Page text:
• Join over 1.2 million students every month
  • Accelerate your learning by 29%
  • Unlimited access from just £6.99 per month
Page
  1. 1
    1
  2. 2
    2
  3. 3
    3
  4. 4
    4
  5. 5
    5
  6. 6
    6
  7. 7
    7
  8. 8
    8
  9. 9
    9
  10. 10
    10
  11. 11
    11

Rates of Reaction

Extracts from this document...

Introduction

THE RATES OF REACTION AIM Since my project is to investigate the rates of reaction, my aim is to test how one factor will affect the rate of reaction. BACKGROUND KNOWLEDGE The rate of reaction tells us how quickly a reaction takes place. The only real way to measure the rate of reaction is by implementing experiments. Usually the rate of reaction will vary if one factor variable has less or more volume. These are usually the variables that can affect the rate of reaction: - * Catalyst * Concentration on the reactants * Surface Area * Temperature These factors are variables, which if changed; it will affect the rate of the reaction. Catalyst A catalyst is a substance which speeds up a chemical reaction, leaving the catalyst unchanged after the reaction has taken place. Catalyst provides an alternative pathway for the reaction e.g. a catalyst that has much lower activation energy. More collisions will therefore have enough energy for this new pathway. Catalysts are important in many industrial processes. They increase the rate of production. Example of a catalyst is Iron which is used in the Haber process to process ammonia. Concentration of the reactants The concentration of the reactants will also affect the rate of reaction. For example, if we increased the concentration of a reactant in a reaction, it would mean that the number of collisions between particles will be higher. Higher concentration of molecules means there will be more collisions taking place there fore increasing the rate of reaction. ...read more.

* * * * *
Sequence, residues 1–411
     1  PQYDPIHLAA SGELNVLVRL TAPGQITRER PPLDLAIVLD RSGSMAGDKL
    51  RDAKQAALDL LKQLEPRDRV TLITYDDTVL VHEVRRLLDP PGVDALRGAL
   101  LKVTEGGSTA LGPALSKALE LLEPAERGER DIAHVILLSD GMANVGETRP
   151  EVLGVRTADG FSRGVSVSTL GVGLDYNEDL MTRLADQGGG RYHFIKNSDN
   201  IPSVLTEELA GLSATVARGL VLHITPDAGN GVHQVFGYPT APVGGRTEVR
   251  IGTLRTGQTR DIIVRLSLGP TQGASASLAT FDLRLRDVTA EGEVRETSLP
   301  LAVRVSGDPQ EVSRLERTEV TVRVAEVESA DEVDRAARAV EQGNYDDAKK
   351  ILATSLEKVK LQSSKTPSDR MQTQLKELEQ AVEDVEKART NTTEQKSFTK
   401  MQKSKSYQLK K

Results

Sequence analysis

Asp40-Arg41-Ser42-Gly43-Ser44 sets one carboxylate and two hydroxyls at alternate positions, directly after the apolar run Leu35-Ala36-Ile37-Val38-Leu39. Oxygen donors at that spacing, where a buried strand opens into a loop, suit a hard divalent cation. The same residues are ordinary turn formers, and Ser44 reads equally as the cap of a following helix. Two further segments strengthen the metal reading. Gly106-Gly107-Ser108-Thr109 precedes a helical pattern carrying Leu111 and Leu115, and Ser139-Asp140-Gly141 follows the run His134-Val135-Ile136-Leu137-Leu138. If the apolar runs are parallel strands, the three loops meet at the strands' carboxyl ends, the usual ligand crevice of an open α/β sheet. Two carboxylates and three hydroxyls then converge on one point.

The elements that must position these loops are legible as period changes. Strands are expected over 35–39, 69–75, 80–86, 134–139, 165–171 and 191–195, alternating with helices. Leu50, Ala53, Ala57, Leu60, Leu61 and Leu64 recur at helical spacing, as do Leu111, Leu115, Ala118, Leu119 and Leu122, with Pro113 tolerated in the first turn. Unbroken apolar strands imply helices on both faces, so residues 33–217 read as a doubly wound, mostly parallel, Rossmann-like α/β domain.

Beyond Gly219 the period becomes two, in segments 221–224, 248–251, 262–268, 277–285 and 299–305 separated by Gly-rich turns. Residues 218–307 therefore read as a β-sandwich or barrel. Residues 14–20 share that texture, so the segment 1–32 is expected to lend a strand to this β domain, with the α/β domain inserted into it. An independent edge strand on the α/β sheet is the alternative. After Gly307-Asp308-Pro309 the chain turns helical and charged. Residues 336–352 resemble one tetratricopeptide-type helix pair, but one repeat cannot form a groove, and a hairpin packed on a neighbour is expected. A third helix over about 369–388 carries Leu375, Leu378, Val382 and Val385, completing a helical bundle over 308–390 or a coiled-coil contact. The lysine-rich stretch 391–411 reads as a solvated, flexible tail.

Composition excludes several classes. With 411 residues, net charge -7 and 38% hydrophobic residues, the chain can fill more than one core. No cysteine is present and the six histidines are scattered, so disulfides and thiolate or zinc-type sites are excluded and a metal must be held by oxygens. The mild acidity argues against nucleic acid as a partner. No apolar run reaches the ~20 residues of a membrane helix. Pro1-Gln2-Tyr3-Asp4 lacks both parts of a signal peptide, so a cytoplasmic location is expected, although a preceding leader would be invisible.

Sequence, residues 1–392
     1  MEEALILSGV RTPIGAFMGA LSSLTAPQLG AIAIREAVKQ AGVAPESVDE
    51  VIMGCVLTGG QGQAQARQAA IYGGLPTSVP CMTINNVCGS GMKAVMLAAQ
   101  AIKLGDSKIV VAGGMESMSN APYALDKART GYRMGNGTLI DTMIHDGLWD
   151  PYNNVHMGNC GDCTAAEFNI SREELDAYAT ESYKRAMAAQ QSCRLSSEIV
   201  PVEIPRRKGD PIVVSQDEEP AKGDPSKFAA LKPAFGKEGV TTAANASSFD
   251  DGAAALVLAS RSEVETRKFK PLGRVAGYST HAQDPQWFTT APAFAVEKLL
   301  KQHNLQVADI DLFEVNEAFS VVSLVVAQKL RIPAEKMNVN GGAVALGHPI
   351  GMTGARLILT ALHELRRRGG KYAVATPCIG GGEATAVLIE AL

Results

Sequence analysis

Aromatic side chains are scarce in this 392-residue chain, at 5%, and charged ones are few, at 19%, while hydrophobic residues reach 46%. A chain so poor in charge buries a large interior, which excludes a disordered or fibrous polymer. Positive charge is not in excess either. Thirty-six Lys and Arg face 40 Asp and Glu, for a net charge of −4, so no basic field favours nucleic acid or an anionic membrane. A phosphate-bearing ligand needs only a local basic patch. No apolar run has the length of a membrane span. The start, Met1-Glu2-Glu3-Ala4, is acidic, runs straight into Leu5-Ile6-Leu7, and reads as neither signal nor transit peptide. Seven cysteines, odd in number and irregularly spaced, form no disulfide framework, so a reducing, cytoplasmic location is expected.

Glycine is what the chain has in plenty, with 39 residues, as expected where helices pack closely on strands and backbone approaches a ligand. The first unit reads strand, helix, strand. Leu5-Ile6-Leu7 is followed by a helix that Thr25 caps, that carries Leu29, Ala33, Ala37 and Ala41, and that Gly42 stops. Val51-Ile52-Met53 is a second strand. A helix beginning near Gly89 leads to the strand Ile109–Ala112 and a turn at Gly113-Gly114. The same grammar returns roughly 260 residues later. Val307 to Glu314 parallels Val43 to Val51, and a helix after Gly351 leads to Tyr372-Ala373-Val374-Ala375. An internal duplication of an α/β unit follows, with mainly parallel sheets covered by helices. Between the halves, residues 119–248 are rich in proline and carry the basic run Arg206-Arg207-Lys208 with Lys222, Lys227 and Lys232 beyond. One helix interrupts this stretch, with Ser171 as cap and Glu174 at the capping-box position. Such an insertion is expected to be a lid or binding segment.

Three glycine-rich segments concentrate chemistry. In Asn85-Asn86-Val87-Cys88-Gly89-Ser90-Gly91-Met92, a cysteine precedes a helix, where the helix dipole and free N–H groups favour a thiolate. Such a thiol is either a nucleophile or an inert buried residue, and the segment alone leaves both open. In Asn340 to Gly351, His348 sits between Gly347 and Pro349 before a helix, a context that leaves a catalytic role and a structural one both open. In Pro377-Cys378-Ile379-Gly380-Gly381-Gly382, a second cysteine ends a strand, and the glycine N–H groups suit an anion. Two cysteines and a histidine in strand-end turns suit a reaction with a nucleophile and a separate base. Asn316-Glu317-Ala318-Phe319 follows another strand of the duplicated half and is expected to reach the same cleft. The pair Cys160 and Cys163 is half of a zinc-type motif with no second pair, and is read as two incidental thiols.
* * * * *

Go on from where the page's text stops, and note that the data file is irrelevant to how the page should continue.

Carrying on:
Middle

I used this to heat the test tube properly, as it is safer to use than a Bunsen burner. It is also to an advantage because it keeps the water the same temperature. It is also capable of rising the water temperature to as much as 90�C. * Test tube This was required to contain the acid and also, it was feasible enough to use as we could fit the end of the barometer into the tube. * Barometer We used this piece of apparatus to collect the gas and keep a track of how much gas is being collected. * Measuring Cylinder This was needed to measure the volume of acid, we first collected the acid up to 10ml in the measuring cylinder and until we obtained the required amount we poured it into the test tube. * Clamp stand This was needed to hold the barometer. * Stopwatch We used this piece of apparatus to record how long it took from the time the magnesium entered the test tube containing the 10ml of acid until the barometer contained exactly 50ml of gas given off from the reaction. * Weighing scale We used a weighing scale to weigh the amount of magnesium. It was a small scale and measured quite accurately. The apparatus is illustrated on the next page. METHOD & FAIR TEST Basically my method was described in the planning area. Most of the equipment for my experiment will be obtained from the school and the prep room. ...read more.

Conclusion